Summary: Obstetrics & Gynecology (OB/GYN) Expert Witness testimony not allowed even though the expert testified that his opinion on the injuries were based on his own experience and expertise.
Facts: This case (RASCHELLE GOFF V KAREN L NIVER MD – State of Michigan – Court of Appeals – June 18th, 2019) involves a medical malpractice claim. The plaintiff argues that during the birth of her baby, she suffered three injuries. The plaintiff sued the defendant doctor and hospital alleging that the doctor violated the standard of case by not recognizing and surgically repairing a sphincter tear and retrovaginal tear following the delivery of her baby. The plaintiff hired Obstetrics & Gynecology (OB/GYN) Expert Witness Dr. Robert Dein to provide testimony on her behalf. The defendant filed a motion to exclude the expert witness testimony of Dr. Dein. The lower court granted the motion to exclude. This is the appeal.
Discussion: In the lower court, Dr. Dein opined that the doctor’s care for the plaintiff fell below the standard of care and that his opinion was based on his own experience and expertise, not on any scientific literature or studies. In addition, the plaintiff didn’t cite to any scientific literature or studies to support Dein’s opinion.
The current court notes that Dein testified that the breach of the standard of care was the cause of the plaintiff’s ongoing impairment. During the lower court testimony, Dr. Dein stated that he was relying on his own expertise and experience as the basis for his opinion and not on scientific literature and studies. In addition, another expert witness stated that there is no data to support the opinion “that a delay of three or four weeks before performing the repair surgery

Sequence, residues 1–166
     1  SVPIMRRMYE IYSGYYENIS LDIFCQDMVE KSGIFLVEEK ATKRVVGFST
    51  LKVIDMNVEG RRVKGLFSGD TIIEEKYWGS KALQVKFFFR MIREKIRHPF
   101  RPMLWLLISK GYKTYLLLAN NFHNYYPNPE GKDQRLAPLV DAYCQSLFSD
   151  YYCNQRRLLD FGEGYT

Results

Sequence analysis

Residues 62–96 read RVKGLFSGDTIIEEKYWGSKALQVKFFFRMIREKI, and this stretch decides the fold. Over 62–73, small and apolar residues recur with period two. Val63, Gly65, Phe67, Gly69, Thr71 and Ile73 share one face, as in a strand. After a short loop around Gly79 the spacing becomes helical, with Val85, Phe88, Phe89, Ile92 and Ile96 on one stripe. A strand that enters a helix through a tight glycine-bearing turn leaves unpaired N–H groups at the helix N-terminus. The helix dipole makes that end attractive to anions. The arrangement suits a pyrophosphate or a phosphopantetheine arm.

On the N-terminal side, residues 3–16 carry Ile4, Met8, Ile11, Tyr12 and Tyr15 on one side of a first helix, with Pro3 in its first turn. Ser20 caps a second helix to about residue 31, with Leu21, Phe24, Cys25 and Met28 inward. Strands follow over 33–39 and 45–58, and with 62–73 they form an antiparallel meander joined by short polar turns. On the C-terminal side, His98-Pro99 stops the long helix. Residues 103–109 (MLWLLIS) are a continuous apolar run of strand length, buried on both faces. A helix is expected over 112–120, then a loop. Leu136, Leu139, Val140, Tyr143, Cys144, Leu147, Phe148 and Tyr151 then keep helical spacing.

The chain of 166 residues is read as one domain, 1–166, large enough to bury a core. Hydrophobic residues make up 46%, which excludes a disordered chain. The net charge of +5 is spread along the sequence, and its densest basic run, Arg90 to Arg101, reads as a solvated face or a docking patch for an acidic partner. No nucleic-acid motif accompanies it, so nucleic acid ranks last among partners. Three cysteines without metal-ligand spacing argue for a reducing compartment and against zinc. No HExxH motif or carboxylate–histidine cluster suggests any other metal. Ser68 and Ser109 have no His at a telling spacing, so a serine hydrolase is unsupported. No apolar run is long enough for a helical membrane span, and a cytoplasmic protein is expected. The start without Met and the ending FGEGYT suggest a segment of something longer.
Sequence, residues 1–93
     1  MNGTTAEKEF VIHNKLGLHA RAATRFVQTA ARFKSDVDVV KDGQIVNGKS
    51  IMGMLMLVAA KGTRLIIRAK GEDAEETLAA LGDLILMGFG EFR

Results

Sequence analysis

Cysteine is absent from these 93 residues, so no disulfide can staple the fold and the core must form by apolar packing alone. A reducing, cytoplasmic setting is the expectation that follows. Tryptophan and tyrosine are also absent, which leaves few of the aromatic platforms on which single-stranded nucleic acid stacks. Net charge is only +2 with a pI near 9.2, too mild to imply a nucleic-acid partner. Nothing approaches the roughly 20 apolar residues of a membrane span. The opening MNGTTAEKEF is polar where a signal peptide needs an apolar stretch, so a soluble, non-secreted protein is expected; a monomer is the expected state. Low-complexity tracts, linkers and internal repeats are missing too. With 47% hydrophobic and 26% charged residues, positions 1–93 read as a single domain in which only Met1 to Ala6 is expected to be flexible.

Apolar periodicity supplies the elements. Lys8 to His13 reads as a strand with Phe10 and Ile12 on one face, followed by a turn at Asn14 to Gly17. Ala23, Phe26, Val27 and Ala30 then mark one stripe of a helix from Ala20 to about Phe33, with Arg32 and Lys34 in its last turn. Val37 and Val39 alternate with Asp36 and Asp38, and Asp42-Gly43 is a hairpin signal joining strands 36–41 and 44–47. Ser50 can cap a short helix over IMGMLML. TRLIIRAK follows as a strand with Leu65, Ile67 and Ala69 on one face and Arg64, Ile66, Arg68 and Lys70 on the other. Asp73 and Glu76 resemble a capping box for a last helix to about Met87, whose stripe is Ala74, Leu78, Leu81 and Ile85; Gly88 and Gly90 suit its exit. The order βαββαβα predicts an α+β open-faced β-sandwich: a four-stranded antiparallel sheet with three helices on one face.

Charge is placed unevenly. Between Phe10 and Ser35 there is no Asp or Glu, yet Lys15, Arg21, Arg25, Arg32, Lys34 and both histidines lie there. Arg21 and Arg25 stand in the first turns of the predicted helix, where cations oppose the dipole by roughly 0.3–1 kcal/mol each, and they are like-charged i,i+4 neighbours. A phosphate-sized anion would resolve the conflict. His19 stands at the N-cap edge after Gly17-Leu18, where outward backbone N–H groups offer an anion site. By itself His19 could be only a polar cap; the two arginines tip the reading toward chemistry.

would result in an increased risk of incomplete recovery.”
The plaintiff states that there are no studies to support Dein’s opinion that the delay in plaintiff’s treatment slowed down the odds of her fully recovering because to conduct such a study would not be ethical. The court opines that the plaintiff did not bring to the forefront any data to support Dr. Dein’s testimony in any regard. In fact, the plaintiff didn’t provide any data to support any of the underlying propositions.
The court opines that it is not enough to rely only on an expert’s experience and background to argue that the expert’s opinion is reliable. Thus, there is not evidence that the trial court’s opinion was “outside the range of reasonable
and principled outcomes.”
Conclusion: The opinion of the lower court excluding the expert witness testimony of Dr. Robert Dein is affirmed.